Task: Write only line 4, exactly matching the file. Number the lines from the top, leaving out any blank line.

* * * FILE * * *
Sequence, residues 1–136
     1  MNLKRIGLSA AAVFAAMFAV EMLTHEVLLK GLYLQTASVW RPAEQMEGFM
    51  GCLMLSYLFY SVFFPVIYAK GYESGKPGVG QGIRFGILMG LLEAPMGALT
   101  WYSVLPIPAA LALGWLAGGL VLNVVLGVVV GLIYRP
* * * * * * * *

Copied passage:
   101  WYSVLPIPAA LALGWLAGGL VLNVVLGVVV GLIYRP